Seam Stresscomments (1) June 30th, 2008
I’m pretty crafty. I knit, make jewelry, concoct lotions and potions. I figured sewing would be a snap.
To say I was mistaken is a gross understatement.
Where I can fudge things in knitting or quickly fix a mistake with jewelry I’m designing, I have to be precise with my cutting and seam-sewing or I will foul up the works.
Which, by the way, I did…over and over.
I had hand-stitched things before, sewing a button or repairing a tear. But it was high time I tricked myself out with a sewing machine. So I asked for recommendations and they came pouring in. I finally settled on a Brother 6000, a sturdy, inexpensive machine. I read the manual. I bought a book. I made napkins. With a friend’s help, I made an adorable apron.
Then I got cocky.
I signed up for a class at The Quilting Loft (in Ballard, a hip neighborhood in Seattle) to make a great Amy Butler tunic/camisole. I thought I’d be able to finish it by the end of the three-hour class, or that I’d be far enough along to finish it by myself at home. You know, being crafty and all.
By the end of class, I had cut out the fabric and interfacing, and started on one back panel. It took four more sessions with my very patient (and mad talented) sewing instructor Cheryl Kuczek before I was able to sew on the buttons and slip it over my head.
It looks gorgeous now, but it was a comedy of errors getting here.
First off, I didn’t understand the strange vocabulary and materials. Fusible interfacing, selvage, ease, various stitches, overlock, you get the idea. Feed dog? Stitch in the ditch? Seriously? Cheryl was saying words but whether I understood them or not was another story. It took me back to when I first learned to knit, how my fingers felt as if they had a will of their own.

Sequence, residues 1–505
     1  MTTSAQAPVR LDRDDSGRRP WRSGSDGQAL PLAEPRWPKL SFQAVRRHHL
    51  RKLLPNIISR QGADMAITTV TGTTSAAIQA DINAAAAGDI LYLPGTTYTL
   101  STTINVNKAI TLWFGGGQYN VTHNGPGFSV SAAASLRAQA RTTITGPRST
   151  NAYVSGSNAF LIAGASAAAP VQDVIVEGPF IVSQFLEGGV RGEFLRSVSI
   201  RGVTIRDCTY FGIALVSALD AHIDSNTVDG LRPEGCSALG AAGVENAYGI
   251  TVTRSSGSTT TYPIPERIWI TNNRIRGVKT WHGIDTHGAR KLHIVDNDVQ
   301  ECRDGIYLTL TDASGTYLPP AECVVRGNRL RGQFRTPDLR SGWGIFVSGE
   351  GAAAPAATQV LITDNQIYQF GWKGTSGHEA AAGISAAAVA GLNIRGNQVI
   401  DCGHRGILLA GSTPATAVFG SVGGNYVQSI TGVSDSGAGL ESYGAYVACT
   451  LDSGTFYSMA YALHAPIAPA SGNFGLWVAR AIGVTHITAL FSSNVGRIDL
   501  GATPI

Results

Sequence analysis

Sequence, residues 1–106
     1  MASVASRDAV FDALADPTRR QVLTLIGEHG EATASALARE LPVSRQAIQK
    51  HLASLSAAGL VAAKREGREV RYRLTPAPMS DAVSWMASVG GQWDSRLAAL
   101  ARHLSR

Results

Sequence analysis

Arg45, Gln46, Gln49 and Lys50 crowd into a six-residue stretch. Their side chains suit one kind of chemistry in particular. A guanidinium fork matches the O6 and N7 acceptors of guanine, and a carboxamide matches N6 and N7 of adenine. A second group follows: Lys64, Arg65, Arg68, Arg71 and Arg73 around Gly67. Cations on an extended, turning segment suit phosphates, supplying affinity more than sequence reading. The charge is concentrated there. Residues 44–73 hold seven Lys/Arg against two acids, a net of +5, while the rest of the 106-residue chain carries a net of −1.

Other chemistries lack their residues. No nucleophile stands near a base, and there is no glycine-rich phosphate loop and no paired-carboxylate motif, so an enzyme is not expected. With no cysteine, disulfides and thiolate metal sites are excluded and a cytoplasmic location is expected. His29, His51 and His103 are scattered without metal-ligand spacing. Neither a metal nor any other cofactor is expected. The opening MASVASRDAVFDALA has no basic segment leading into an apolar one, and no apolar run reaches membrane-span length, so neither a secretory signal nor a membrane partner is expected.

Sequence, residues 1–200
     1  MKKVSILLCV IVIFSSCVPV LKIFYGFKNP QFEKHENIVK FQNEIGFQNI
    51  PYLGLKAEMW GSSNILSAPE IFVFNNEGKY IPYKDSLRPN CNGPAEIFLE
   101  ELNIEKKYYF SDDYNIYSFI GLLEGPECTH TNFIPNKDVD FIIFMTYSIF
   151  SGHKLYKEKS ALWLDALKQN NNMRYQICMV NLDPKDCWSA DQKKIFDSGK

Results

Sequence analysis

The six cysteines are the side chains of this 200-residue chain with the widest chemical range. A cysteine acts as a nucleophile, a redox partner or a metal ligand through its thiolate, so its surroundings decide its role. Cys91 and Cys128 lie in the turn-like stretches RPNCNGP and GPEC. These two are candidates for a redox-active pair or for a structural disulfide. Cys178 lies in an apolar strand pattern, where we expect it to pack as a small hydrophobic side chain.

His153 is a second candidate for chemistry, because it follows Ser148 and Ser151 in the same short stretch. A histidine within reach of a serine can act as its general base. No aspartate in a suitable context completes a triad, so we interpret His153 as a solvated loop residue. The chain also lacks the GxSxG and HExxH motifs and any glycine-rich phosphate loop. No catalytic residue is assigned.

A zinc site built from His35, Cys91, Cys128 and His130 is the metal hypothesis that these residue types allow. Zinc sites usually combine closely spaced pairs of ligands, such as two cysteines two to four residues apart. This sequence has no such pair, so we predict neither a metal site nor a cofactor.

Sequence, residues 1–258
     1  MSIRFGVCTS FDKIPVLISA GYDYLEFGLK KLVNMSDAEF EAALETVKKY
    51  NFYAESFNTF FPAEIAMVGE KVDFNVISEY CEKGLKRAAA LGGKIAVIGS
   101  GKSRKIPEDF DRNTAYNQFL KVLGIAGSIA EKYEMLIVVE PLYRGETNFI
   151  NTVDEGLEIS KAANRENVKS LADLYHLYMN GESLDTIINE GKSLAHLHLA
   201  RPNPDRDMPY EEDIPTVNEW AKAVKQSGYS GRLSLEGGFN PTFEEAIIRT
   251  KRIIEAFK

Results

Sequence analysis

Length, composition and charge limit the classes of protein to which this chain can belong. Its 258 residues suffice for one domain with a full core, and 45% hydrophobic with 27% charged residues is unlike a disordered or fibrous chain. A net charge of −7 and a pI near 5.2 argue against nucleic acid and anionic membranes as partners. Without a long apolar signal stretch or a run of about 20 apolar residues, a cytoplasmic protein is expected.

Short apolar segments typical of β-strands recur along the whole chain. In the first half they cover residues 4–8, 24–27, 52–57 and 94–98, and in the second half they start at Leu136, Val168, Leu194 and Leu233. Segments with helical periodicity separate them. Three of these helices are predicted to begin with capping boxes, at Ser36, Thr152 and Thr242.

In this case, the machine and fabric had a mind of their own when I attempted to sew straight seams. The seam allowance would gradually grow as my fabric took a walk on the wonky side. “Does it really matter if I have a quarter-inch or a half-inch seam?” I’d silently ask myself. Aloud, I said, “It’ll be fine,” as I waved off Cheryl in embarrassment, hoping she didn’t notice the difference. Well, of course she did, especially when I sewed each shoulder with a disparate seam allowance.
Cheryl took me by the hand, which chapped my hide and my ego. She demonstrated how to properly pin, cut, and press. She divulged shortcuts and methods for tweaking a pattern. She showed me how to use the serger so I could finish off all my interior edgings.
As impatient as I was, hauling my machine and fabric pieces back and forth in a small rolling suitcase, I began to enjoy the process, especially when my camisole started to take shape. I loved the fabric at first sight but that love deepened as I fit pieces together and found the perfect buttons to complement the garment.
I didn’t love ripping out stitches, don’t get me wrong. But as I learn more about sewing and gain more confidence—I’ve since made a lined tote bag with several pockets all by my big self—I’m jazzed by the kid-like discovery involved in my new craft. I am tickled pink when I spy a new fabric that I simply have to have, and then get even more giddy when I start to plan out a project using that yummy fabric.
Speaking of which, I gotta get started on the pajama bottoms I’ve been dreaming about making with that cherry-patterned fabric I nabbed a couple of months ago.